• Loss of Service Durations
• Historical Damages
• Loss Event Frequencies
• Residual Damages/Losses (Project Effectiveness)
Value of Services (Roads/Utilities)

Recommended documentation:
• Roads: traffic counts and detour time
  estimates with maps
• Utilities: local utility company data
  indicating number of impacted customers
• Buildings: annual budget
Historical Event Damages/Losses

Recommended documentation:
• FEMA Project Worksheets/Damage Survey
  Reports
• Insurance claims, BureauNet/Simple and Quick
  Assessment (SQA) Net information, damage
  repair records, or data from the State/local
  agency, local government
• Newspaper accounts citing credible sources
  (other than homeowner accounts)
Historical Event Frequencies
Recommended documentation:
• Frequencies linked to documented FIS data
• U.S. Geological Society (USGS) stream gauge
  data or National Oceanic and Atmospheric
  Administration (NOAA) tide gauge data
• Copies of engineering/technical expert reports
• Use the unknown frequency calculator with
  supporting documentation when requirements
  are met
Unknown Frequency Calculator:
Requirements
The unknown frequency calculator can only be used when the following
   requirements are met:
1. Minimum of three hazard events occurring in different years where
   either:
    –   The frequencies/RIs of all events are unknown, or
    –   The frequencies/RIs of up to two events are known and have
        total inflated values that exceed the total inflated values of all the
        other unknown frequency/RI events
2. Period of record based on the age of the structure or a minimum of
   10 years; whichever is greater
3. No other way to tie historical events to known frequencies/RIs
Unknown Frequency Calculator:
Documentation
Recommended documentation:
• Three historical events of unknown frequency
• Date of construction (needed for the period of
  record)
Sources of documentation may include:
• Insurance claims, damage repair records,
  technical reports, data from the State/local
  agency, local government, etc.
Project Effectiveness
Elements to documenting project effectiveness:
• Keep in mind that nearly all mitigation projects
   have some residual damages
• Some projects will not completely eliminate
   damages after mitigation, but will reduce
   damages by a certain percentage
• Consult with the mitigation project designer to
   determine the level of effectiveness
• Assume damages after mitigation occur once the
   level of effectiveness frequency is reached
Summary: Documenting DFA
Data
Methods to derive data from documented events:
• Interpolation between known data points (but not by
  extrapolating above or below known data points)
• Calculate estimates based on “typical values” such as:
       FEMA Depth-Damage functions for buildings,
        contents, and displacement costs

       Damage functions or relationships from other credible
        sources
• Examples of good and bad documentation for each of
  the key DFA inputs are provided on the slides that
  follow.
DFA Documentation: Value of
Services (Roads/Utilities)
    For FEMA standard values for services, refer to FEMA’s
     BCA Toolkit

Acceptable Documentation             Unacceptable Documentation
    DOT traffic counts and detour      “Ballpark” estimates of traffic
     time estimates with maps            counts/detour times without
     (roads)                             maps (roads)
    Local utility company data         Population/census data not
     indicating number of                correlated to utility service area
     impacted accounts (utilities)       (utilities)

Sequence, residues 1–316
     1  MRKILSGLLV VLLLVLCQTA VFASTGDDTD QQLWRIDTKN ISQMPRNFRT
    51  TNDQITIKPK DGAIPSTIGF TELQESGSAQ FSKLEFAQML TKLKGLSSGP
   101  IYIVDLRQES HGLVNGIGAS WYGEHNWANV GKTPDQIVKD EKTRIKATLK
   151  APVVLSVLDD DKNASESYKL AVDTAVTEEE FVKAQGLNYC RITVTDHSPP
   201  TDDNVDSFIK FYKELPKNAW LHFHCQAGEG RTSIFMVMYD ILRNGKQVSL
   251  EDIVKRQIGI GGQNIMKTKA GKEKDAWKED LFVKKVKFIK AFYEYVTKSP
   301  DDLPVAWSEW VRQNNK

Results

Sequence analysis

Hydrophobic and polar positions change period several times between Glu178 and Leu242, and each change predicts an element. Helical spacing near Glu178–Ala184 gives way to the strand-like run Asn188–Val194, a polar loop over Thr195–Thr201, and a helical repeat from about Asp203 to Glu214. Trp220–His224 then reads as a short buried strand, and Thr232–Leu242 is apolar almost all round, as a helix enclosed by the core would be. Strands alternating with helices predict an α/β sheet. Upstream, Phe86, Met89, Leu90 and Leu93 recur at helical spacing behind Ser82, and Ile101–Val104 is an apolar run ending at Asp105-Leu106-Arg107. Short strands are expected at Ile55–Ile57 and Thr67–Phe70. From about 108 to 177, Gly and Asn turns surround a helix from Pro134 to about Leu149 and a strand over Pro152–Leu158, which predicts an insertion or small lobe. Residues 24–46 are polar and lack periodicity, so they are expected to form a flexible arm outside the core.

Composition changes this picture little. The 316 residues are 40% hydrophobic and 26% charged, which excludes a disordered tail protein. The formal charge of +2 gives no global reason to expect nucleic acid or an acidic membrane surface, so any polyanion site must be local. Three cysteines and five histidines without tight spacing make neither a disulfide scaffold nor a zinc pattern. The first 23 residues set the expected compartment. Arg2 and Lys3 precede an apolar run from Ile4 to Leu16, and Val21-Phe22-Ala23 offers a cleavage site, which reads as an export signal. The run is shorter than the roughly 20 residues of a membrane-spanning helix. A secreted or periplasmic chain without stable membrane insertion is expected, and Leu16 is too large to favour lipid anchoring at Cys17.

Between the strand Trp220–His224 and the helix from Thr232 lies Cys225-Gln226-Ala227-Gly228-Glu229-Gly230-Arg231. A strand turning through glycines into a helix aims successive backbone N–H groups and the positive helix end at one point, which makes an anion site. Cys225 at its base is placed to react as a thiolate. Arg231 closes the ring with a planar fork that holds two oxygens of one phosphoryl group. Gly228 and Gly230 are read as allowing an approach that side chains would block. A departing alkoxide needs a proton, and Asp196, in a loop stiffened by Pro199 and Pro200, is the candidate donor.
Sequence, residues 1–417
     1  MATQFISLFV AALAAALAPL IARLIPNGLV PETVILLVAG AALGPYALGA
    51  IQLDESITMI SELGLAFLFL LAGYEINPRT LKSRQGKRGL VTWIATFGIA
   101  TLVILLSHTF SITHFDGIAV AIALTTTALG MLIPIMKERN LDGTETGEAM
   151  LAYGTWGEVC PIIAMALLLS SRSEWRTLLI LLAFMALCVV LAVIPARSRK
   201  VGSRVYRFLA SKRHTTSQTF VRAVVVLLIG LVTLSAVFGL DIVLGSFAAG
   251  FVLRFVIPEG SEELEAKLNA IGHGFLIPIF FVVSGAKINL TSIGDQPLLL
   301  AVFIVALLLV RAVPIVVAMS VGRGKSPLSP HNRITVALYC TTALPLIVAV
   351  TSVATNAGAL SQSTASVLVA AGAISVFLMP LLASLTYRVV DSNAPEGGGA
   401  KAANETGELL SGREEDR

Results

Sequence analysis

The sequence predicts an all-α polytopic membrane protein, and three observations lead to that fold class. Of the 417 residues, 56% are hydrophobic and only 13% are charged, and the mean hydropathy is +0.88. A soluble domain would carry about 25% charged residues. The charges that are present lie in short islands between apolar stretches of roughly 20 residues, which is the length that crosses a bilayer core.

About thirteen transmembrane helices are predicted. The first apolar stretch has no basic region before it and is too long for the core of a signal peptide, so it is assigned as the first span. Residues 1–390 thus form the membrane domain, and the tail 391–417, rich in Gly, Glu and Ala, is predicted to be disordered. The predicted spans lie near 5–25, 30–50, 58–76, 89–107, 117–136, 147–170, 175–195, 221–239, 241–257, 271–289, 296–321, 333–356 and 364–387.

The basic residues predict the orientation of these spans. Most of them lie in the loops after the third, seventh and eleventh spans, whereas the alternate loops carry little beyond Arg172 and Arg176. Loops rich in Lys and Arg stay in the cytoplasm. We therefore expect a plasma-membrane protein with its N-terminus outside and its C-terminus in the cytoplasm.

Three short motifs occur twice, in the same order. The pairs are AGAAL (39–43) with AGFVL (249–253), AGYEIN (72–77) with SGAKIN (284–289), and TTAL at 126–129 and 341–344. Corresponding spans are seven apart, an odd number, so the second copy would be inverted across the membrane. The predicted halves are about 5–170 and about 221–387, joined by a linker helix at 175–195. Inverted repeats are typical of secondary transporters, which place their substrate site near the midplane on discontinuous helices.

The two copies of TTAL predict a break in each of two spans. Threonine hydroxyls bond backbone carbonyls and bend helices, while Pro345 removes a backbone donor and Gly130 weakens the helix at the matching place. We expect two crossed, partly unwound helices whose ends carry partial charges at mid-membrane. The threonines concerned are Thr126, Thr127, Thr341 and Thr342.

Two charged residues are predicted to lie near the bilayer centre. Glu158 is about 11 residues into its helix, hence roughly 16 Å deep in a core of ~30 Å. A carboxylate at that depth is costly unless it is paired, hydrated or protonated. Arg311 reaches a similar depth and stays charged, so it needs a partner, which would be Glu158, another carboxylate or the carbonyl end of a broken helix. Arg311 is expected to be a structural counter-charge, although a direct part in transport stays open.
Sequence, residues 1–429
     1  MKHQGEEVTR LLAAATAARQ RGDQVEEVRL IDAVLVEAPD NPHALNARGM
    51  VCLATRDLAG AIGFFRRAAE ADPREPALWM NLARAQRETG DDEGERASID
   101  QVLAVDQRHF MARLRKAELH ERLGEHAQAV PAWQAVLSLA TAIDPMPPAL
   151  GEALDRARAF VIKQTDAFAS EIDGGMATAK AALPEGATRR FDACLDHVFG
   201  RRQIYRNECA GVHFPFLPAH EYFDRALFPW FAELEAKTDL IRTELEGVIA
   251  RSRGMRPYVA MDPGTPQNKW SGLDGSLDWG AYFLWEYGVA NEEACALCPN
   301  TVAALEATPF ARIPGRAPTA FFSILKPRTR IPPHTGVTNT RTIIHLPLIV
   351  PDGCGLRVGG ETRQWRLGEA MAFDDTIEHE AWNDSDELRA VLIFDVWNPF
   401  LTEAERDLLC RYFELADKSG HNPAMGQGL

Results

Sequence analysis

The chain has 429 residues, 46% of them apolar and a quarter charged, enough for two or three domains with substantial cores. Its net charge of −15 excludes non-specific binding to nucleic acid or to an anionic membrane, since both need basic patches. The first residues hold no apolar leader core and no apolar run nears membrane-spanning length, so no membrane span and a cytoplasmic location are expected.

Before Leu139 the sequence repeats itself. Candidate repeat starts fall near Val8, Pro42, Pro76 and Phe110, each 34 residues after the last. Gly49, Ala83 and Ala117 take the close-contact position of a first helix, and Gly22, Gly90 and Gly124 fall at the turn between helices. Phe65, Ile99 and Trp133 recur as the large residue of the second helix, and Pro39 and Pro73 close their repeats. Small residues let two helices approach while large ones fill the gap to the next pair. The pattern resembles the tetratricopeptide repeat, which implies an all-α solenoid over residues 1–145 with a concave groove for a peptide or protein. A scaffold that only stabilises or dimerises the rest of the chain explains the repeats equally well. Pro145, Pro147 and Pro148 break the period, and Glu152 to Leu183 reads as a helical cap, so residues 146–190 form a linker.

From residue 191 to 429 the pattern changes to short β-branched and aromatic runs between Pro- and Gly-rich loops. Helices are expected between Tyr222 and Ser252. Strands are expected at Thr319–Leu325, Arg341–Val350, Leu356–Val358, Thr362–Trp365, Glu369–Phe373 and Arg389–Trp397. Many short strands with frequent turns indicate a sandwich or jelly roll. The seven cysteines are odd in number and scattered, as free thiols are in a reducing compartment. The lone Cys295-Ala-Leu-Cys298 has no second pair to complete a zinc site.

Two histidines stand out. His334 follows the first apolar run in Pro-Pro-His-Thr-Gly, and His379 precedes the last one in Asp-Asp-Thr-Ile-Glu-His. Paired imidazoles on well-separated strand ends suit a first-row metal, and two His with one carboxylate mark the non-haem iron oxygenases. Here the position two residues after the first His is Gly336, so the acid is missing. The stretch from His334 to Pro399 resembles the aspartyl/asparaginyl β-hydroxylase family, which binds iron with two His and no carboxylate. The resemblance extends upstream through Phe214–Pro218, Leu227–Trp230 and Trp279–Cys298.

DFA Documentation:
Historical Damage Event Costs/Losses
Acceptable Documentation             Unacceptable Documentation
   FEMA Project                        Extrapolated damages or
    Worksheets/DSRs                      service losses
   Insurance or damage repair          Road and utility maintenance
    records from DOT, DPW, utility       costs not tied to damage events
    company
                                        Newspaper articles that do not
   Damages estimated based on           cite credible sources (i.e., other
    FEMA standard values                 than homeowner accounts)
DFA Documentation: Historical
Damage Event Frequencies
Acceptable Documentation          Unacceptable Documentation
   Frequencies linked to            Assuming all recurring damages
    documented FIS data               occur at the 1-year frequency
   USGS stream gauge data or        Extrapolated event frequencies
    NOAA data
                                     Using the unknown frequency
   Copies of engineering/            calculator with no explanation or
    technical expert reports          supporting documentation
   Using the unknown frequency
    calculator with supporting
    documentation
DFA Documentation:
After-Mitigation Damages/Losses
 Remember most mitigation projects do not eliminate
  all future damages (except acquisition)
Acceptable Documentation             Unacceptable Documentation
   Engineering or technical            Assuming no damages occur
    report                               after mitigation for non-
                                         acquisition projects
   A detailed project scope that
    clearly indicates the level of      Poorly-defined project scopes
    effectiveness                        with no clear level of
                                         effectiveness
   Plans or specifications
Conclusion

   FEMA Damage-Frequency Assessment

• Remember: It is always about risk,
  regardless of the hazard
• Good mitigation projects address high-
  risk situations
• Poor mitigation projects address low-
  risk situations
Contact Information

• Roxanne Gray, Hazard Mitigation Officer
  Wisconsin Emergency Management, 608-
  242-3211, roxanne.gray@wisconsin.gov
• Kristen Sailer, Hazard Mitigation Officer,
  Minnesota Homeland Security and
  Emergency Management, 651-201-7423,
  kristen.sailer@state.mn.us